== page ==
FIG. 6 illustrates yet another preferred embodiment of this invention which allows for the addition of one or more external supports 27 to lid 11 for applications which contain a single or a plurality of chips 14 a, 14 b, and require even more mechanical support than the attachment of lid 11 to chips 14 a, 14 b alone can provide. The use of external supports 27, which extends downward from the horizontal portion of lid 11 to the surface of substrate 12, acts to balance the mechanical assembly of lid 11 as well as prevent undesirable tilting across the chip-to-lid interface. For example, a thinner, less rigid lid 11 could be used with external supports 27 to decrease lid 11 flexure and increase the overall rigidity of lid 11, while decreasing overall assembly height. Additionally, when relatively small chips 14 a, 14 b are used, resulting in a small contact area between the lid and the chips, external supports 27 can be used to elevate the overall adhesion strength of the lid to the chips and the substrate, thus reducing or eliminating lid damage at the chip-to-lid interface under a mechanical load condition. Silicone elastomer adhesive 25 can be used to secure the cap support to the substrate 12, if desired. The preferred underfill material 18 is used to provide mechanical and environmental protection for the chips 14 a, 14 b. This configuration is also compatible with other electronic components such as decoupling capacitors 17 connected by solder balls 15 on pads 16.
FIG. 7 illustrates yet another preferred embodiment of this invention for applications where a plurality of chips 14 a, 14 b are installed, but one or more of chips 14 b are located preferably underneath lid 11, but not adhered to lid 11. Contact of lid 11 to one or more chips 14 a provides sufficient heat removal from the module while remaining chips 14 b, typically dissipating lower power, can operate safely under free convection. The preferred underfill material 18 is used to provide mechanical and environmental protection for the chips 14 a, 14 b. This configuration is also compatible with other electronic components such as decoupling capacitors 17 connected by solder balls 15 on pads 16. Additionally, this configuration is also compatible with one or more external supports 27.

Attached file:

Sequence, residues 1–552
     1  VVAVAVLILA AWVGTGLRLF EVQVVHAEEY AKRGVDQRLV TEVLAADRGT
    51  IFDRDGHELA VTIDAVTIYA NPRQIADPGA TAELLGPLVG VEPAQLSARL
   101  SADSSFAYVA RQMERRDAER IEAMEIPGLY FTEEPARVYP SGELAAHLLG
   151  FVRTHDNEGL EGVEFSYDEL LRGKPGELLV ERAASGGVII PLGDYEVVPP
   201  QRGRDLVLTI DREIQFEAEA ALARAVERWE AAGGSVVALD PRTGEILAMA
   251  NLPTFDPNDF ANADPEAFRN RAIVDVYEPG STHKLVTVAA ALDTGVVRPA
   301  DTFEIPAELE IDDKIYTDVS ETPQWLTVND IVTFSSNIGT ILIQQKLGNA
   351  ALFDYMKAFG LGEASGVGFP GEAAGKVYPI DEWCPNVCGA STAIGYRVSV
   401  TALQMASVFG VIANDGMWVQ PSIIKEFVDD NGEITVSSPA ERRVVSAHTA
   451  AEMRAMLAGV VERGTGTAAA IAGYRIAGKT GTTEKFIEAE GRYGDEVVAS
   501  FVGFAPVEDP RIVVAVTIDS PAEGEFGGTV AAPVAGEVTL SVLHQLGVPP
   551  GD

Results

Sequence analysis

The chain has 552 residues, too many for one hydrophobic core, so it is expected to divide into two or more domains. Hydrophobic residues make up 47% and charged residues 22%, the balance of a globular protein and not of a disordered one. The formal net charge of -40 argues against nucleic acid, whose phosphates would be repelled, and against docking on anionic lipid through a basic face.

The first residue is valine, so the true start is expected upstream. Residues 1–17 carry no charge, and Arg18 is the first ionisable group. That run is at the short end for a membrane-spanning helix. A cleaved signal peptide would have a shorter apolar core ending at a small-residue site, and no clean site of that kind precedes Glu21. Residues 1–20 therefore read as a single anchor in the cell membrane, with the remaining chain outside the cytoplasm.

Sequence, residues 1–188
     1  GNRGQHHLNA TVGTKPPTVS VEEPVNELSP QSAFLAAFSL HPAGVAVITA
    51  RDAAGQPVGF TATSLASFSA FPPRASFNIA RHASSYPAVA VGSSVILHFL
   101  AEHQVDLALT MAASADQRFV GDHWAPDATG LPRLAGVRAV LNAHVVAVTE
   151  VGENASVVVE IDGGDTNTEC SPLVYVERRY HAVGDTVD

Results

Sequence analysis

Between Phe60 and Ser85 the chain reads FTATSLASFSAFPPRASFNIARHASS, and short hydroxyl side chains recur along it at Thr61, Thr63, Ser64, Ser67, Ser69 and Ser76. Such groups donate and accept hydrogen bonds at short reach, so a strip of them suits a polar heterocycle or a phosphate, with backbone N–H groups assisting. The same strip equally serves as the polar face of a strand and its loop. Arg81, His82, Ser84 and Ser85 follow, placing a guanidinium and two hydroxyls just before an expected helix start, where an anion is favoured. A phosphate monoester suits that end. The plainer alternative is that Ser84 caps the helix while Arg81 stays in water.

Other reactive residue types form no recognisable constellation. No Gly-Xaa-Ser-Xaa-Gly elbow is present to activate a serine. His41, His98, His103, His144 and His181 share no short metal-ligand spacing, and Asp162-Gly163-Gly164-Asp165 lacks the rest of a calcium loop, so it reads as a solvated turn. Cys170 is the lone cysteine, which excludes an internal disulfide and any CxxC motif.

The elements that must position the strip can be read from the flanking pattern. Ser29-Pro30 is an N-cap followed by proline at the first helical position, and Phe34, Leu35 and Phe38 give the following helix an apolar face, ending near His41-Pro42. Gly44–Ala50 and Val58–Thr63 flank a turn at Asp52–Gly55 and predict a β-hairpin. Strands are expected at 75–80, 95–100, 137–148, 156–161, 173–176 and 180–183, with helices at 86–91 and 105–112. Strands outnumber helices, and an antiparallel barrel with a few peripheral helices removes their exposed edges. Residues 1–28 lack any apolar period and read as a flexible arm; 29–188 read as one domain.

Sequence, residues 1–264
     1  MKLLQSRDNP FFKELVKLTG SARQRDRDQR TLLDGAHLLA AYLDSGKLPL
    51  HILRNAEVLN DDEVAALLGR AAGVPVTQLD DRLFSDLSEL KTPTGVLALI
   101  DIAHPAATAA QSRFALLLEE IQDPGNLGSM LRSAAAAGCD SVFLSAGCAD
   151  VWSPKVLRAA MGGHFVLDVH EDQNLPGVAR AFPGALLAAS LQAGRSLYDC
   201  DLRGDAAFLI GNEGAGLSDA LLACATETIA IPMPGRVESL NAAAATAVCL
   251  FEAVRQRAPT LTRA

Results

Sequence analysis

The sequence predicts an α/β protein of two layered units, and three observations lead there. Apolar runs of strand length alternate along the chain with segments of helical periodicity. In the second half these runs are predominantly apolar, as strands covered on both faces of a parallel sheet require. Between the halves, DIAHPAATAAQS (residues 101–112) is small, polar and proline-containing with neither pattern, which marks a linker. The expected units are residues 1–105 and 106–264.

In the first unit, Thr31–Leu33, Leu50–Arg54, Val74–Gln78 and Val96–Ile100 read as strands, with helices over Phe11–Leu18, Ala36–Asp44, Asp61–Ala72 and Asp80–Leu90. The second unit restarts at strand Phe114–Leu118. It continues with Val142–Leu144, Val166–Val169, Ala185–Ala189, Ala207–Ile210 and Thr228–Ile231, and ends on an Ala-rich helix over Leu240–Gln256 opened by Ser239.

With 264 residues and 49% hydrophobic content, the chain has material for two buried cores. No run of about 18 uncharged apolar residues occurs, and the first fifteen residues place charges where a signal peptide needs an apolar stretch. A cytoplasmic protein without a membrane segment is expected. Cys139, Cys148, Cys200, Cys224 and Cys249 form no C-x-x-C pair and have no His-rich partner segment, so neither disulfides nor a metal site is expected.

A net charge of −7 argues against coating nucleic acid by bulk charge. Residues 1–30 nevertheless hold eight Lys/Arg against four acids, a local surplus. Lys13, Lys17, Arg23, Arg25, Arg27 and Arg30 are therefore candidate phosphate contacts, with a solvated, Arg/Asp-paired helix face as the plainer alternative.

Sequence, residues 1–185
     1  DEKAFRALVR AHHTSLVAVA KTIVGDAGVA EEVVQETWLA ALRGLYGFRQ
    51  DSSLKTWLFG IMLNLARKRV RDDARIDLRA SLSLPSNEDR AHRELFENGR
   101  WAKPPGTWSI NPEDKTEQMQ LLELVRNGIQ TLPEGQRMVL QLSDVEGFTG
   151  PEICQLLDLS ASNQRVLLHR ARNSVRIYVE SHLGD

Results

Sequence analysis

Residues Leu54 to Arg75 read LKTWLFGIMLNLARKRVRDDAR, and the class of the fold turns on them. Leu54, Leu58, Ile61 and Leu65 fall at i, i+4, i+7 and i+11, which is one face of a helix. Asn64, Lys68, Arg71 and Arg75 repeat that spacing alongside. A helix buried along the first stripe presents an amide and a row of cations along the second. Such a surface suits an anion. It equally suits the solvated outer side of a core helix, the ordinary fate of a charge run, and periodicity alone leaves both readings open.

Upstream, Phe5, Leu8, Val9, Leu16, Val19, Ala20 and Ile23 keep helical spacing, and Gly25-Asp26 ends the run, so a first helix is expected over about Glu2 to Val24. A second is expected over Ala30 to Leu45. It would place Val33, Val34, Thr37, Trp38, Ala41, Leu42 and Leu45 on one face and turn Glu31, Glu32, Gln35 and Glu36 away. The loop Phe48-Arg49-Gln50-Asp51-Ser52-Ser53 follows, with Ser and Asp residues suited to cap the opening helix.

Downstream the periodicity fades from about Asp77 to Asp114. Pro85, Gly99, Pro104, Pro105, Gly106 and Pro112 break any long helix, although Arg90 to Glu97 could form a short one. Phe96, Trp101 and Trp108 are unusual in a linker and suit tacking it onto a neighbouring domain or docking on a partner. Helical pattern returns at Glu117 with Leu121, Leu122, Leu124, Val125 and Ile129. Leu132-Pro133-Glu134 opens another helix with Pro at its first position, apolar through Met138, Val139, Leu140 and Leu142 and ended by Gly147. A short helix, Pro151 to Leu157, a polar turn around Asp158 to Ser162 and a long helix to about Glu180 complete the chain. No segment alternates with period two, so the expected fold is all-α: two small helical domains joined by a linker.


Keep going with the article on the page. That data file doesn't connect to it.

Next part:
FIG. 8 illustrates still another preferred embodiment of this invention. For several chip applications in which the power dissipation of one chip 14 a, for example, a microprocessor or ASIC, is much greater than another surrounding chip 14 b, which can typically be a memory device, it is possible to provide designed thermal contact between both types of chips using the same flexible silicone elastomer adhesive 25, thus minimizing the temperature difference between both devices. While a close fitting silicone adhesive-filled gap 25 a would normally be maintained for chip 14 a with the greatest power, a larger silicone adhesive-filed gap 25 b is produced between adjoining memory chip 14 and lid 11. This configuration is also compatible with the use of other electronic components such as decoupling capacitors 17 connected by solder balls 15 on pads 16.
The advantages of electronic packages or modules such as those disclosed herein are many. The silicone elastomer provides a highly efficient thermal path for heat dissipation, mechanical support for the cooling members, with resultant higher thermal performance, and flexibility to absorb large relative strains caused by differing thermal expansions of the chip and cooling members. Also, the cost of the package is reduced due to (a) fewer process steps to assemble the module, (b) the elimination of the cap, cap seal, thermal compound and related steps and (c) the elimination of yield loss associated with cap misalignment and cap seal leak. Furthermore, this inventive structure provides a more efficient use of the substrate top surface area since nearly all of the substrate top surface area is available for electronic components and other features. Additionally, a package assembled in this fashion will perform at JEDEC level 1 with respect to moisture sensitivity (i.e., no moisture sensitivity) is tape and reel compatible for high speed assembly, protects fragile electronic components from handling damage during electrical testing, and enables the use of inexpensive clip-on type heatsinks while allowing the chip junction temperature to reach 125° C. for lidded modules. Lid reworkability may be achieved by shear or torsion removal of the lid, removal of adhesive residues from the chip, for example by mechanical means such as high velocity particles, and reattachment of the lid by the disclosed method.
While the present invention has been particularly described, in conjunction with a specific preferred embodiment, it is evident that many alternatives, modifications and variations will be apparent to those skilled in the art in light of the foregoing description. It is therefore contemplated that the appended claims will embrace any such alternatives, modifications and variations as falling within the true scope and spirit of the present invention.
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|U.S. Classification||156/307.3, 438/119, 257/E23.107, 257/E23.087|
|International Classification||C08L83/06, H01L23/373, C09J5/06, H01L23/42, C09J183/04|
|Cooperative Classification||H01L2224/73253, H01L23/42, H01L2924/19105, C08L83/06, H01L23/3737, C09J2483/00, H01L2224/16, C09J5/06, H01L2924/15311, H01L2924/01078, C09J183/04, H01L2924/16152, H01L2924/10253, H01L2224/16227, H01L2224/32225, H01L2224/73204, H01L2224/32245, H01L2224/16225|
|European Classification||C09J5/06, C09J183/04, H01L23/373P, H01L23/42|
|Nov 18, 2005||FPAY||Fee payment|
Year of fee payment: 4
|Feb 8, 2010||REMI||Maintenance fee reminder mailed|
|Jul 2, 2010||LAPS||Lapse for failure to pay maintenance fees|
|Aug 24, 2010||FP||Expired due to failure to pay maintenance fee|
Effective date: 20100702